After a number of attempts, the SDA realized that the game was up, and that there was no longer a place for them in UCD politics – not then anyway. Picking up their flags, they began to file out of the Great Hall, singing less boisterously this time, but singing nevertheless, and they proceeded into the street in front of Earlsfort Terrace, where they held an informal meeting of their supporters.
Not only did the rank and file of the SDA leave the Great Hall. Immediately, in fact, the 5 SDA Steering Committee members (I’ve forgotten their names today, in 2007) got up and marched out as well. They were well and truly defeated.
I realized then that a historic moment had arisen and that I was right in the middle of it. Whatever one could say about the SDA, the fact remained that they had been the driving force behind whatever good had come from the Student revolution. They had been the ones to point out inadequacies, to make positive criticism, to suggest new ideas – and now they were gone. It was a shame. It was a crisis, and we had to be able to find a way to keep the momentum gong – otherwise, all the work of many months, all the deliberations, all the arguments and the debates would have been for naught, and we would have wasted our time.
Stepping down from the rostrum, I realized that the Great Hall was a shambles. No one, except a small few perhaps, knew or understood the significance of what had happened, and I had to find a way to avert the crisis. I found Sean Prendergast, a friend of mine who had closely supported my efforts on the Committee, and I asked him whether he could round up a few of his friends, whose names I knew then but of whom I today have absolutely no recollection. I asked him whether we could call a late night meeting at his apartment, to which he agreed. That said, we arranged to meet at his home in 2 hours’ time, there to consider our options.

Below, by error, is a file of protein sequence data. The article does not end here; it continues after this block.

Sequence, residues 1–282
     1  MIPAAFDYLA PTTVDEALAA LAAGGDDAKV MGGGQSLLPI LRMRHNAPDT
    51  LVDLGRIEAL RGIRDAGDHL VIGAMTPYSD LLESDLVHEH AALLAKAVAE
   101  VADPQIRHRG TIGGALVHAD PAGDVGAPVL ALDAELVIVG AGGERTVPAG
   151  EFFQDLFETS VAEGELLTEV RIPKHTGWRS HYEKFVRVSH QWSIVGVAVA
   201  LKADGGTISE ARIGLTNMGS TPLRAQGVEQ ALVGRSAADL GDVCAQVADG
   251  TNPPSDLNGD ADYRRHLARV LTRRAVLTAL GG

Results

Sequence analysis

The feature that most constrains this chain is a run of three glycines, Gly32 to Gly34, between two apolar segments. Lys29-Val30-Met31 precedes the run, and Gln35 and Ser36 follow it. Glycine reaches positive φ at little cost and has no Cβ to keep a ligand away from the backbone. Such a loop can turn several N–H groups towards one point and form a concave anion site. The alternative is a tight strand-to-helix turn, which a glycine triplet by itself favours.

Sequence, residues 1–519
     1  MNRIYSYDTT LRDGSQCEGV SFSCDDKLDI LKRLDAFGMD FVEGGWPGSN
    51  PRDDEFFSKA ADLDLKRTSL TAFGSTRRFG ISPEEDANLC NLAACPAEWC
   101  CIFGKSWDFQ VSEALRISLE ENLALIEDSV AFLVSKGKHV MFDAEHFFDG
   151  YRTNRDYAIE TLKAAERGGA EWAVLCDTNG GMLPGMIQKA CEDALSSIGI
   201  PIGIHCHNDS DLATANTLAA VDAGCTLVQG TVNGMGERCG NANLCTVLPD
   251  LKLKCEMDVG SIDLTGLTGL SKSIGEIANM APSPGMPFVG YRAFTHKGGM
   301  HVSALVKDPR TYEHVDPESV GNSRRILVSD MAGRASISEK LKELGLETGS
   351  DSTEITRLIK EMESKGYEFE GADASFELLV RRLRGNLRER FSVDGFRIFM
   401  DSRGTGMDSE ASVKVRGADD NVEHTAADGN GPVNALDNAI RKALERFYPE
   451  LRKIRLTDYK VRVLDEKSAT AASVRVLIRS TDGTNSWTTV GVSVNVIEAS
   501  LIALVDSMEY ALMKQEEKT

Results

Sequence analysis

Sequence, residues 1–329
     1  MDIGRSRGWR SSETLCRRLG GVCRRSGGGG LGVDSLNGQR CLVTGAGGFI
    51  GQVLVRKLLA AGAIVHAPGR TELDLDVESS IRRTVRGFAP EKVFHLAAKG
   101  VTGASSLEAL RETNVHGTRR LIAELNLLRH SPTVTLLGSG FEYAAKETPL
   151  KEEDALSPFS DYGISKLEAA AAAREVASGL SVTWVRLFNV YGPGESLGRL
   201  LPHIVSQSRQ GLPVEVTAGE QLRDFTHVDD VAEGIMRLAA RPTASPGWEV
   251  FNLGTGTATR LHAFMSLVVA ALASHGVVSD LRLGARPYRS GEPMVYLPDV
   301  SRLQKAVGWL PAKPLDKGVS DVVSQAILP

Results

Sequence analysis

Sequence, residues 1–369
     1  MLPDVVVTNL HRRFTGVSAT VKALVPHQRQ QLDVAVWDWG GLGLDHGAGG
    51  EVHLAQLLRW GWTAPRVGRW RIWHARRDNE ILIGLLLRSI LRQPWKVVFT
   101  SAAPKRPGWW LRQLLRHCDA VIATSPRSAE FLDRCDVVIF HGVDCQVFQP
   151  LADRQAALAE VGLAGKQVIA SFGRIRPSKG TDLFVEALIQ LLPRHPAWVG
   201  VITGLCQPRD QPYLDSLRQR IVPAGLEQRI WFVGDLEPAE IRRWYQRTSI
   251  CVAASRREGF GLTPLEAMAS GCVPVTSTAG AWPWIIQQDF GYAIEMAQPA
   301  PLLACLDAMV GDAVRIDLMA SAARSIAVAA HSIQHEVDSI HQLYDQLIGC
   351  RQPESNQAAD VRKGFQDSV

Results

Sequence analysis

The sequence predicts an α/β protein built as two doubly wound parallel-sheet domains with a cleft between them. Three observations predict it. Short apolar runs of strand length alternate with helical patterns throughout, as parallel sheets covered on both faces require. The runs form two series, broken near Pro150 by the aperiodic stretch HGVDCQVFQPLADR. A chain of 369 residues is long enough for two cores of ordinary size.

I arrived at Sean’s home some time later and went in. The place was already abuzz with anticipation of what was to happen, and so we began to talk. I expressed to everyone my concerns that the void left by the departing SDA leadership and supporters had to be filled at once, or else the entire structure we had built was liable to collapse. We decided to form a “political party”, and furthermore, we even gave it a name, “Catholic Action”.
We called on everyone to put their thinking caps on and to consider what we should do next. Someone suggested that we should write a manifesto – whatever that was, and so we set to it. We argued, we deliberated, we wrote, we argued some more, someone brought coffee, we made notes, we pondered over things, and we wrote some more. The end result, by 5.00 a.m., was a “Manifesto” of the new Party – I wish I still had a copy of that old document today, but maybe someone in Dublin might still have a copy hiding somewhere. We printed off a few thousand copes and by 7.00 a.m. that day we were already prepared to hand out to the student body the results of our late night meeting’s work.
I remember that someone, was it Charlie McGarvey? Put together a piece on the Third World at the back of the Manifesto. I had no idea what the significance of that item was, but nevertheless, there it was.
In our document, we called on the students of UCD to recognize the positive contribution of the SDA to date, and expressed our regrets that we found it impossible to work alongside them any longer. We congratulated everyone for their involvement to date, in presenting motions, and debating them, in modifying them, and in approving them eventually, for inclusion in any future Constitution of the National University of Ireland. Every motion that had eventually been accepted had been placed (“thrown” is probably a better word) into a large box at one side of the rostrum. We called for the formation of a “Collation Committee” with the responsibility to take all these odd bits of paper and to put them together in a decent, readable form, and for copies of the finished work to be made available to the University community.